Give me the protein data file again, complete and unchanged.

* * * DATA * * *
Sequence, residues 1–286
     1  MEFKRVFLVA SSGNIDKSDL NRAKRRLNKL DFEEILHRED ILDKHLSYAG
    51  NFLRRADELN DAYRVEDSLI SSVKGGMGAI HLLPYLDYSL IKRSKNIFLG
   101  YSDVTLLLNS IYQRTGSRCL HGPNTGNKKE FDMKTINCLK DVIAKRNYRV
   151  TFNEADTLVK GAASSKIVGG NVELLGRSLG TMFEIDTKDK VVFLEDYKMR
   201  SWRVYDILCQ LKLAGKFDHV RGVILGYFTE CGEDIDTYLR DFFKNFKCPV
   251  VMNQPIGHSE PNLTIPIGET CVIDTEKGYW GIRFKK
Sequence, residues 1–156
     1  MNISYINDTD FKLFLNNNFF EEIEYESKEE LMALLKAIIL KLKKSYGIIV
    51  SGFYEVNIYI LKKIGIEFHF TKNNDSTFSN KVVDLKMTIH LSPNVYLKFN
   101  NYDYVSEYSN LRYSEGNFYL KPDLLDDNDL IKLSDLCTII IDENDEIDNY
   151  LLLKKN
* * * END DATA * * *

Sequence, residues 1–286
     1  MEFKRVFLVA SSGNIDKSDL NRAKRRLNKL DFEEILHRED ILDKHLSYAG
    51  NFLRRADELN DAYRVEDSLI SSVKGGMGAI HLLPYLDYSL IKRSKNIFLG
   101  YSDVTLLLNS IYQRTGSRCL HGPNTGNKKE FDMKTINCLK DVIAKRNYRV
   151  TFNEADTLVK GAASSKIVGG NVELLGRSLG TMFEIDTKDK VVFLEDYKMR
   201  SWRVYDILCQ LKLAGKFDHV RGVILGYFTE CGEDIDTYLR DFFKNFKCPV
   251  VMNQPIGHSE PNLTIPIGET CVIDTEKGYW GIRFKK
Sequence, residues 1–156
     1  MNISYINDTD FKLFLNNNFF EEIEYESKEE LMALLKAIIL KLKKSYGIIV
    51  SGFYEVNIYI LKKIGIEFHF TKNNDSTFSN KVVDLKMTIH LSPNVYLKFN
   101  NYDYVSEYSN LRYSEGNFYL KPDLLDDNDL IKLSDLCTII IDENDEIDNY
   151  LLLKKN